Squirrels That Glow Pink? Yes, That’s A Thing

New Research Finds Flying Squirrels Glow Pink Under Ultraviolet Light

glowing squirrels
Researchers at Northland College in Ashland and a former student found that New World flying squirrels glow under UV light.
Photo courtesy of Kohler et al. 

Fireflies, jellyfish and glow sticks all, well, glow in the dark. Now, scientists are adding squirrels to that list.

Researchers at Northland College in Ashland recently published a study in the Journal of Mammalogy claiming three species of flying squirrels glow pink under ultraviolet light.

Lead author Allison Kohler was a Northland student when her professor Jon Martin came across the unlikely discovery while doing a forest survey in his backyard with a handheld UV flashlight.

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Researchers at Northland College in Ashland recently published a study that three species of flying squirrels glow pink under ultraviolet light. Photo courtesy of Kohler et al.

“Everyone was pretty skeptical when they heard this,” she said. “Because who has ever heard of a glowing pink squirrel?”

Kohler, now a graduate student at Texas A&M University, said Martin asked her to develop a project to investigate. To find out more, they went to the Science Museum of Minnesota and the Field Museum in Chicago to check out the specimens on display.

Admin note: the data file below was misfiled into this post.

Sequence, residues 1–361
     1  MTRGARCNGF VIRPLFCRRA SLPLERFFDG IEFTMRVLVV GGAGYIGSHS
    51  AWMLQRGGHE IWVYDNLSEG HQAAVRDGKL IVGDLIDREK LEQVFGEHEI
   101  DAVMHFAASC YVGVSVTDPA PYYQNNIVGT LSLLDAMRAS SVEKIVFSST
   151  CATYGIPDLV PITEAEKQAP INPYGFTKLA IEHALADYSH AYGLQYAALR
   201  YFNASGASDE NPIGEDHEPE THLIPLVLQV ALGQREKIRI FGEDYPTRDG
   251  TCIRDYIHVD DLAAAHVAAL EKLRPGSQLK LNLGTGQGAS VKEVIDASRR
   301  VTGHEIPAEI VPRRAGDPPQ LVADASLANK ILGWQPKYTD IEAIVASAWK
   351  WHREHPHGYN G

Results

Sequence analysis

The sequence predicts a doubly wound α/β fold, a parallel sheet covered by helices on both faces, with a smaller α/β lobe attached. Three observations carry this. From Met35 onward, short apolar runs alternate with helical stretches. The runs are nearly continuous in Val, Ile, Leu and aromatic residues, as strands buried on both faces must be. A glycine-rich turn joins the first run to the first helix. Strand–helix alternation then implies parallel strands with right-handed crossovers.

“Every single one of them that I saw fluoresced hot pink,” she said.

The researchers examined more than 100 squirrels from different species and found the northern, southern and Humboldt flying squirrels all fluoresced under UV light.

The reason why remains a mystery, Kohler said, noting more research is needed.

Still, they have a few ideas why these squirrels glow in the dark, and it may be related to their environment.

New World flying squirrels are most active at dawn and dusk, which is also when UV wavelengths may dominate. Kohler said the fluorescence could be related to the snowy environment they inhabit throughout most of their range, which includes forests across Canada and the northern United States.

They also hypothesized it could be a way to communicate with other flying squirrels as they glide through the trees or a way to show off as “sort of a sexual selection display.”

Kohler said squirrels might also glow pink in UV light to evade predators.

“For example, there are some owls that happen to have the same fluorescent glow and the same color and they live in the same area,” she said. “They have the same habitat so the squirrels could be trying to mimic them and avoid being eaten by these different animals.”

Squirrels and owls aren’t the only animals known to glow under UV light. The phenomenon has been observed in plants, spiders, fish and other species. Opossum have been known to fluoresce, but it hasn’t been widely documented among mammals.

Kohler said they’re not encouraging people to test out UV light on live squirrels since it’s unclear what impact it will have on them.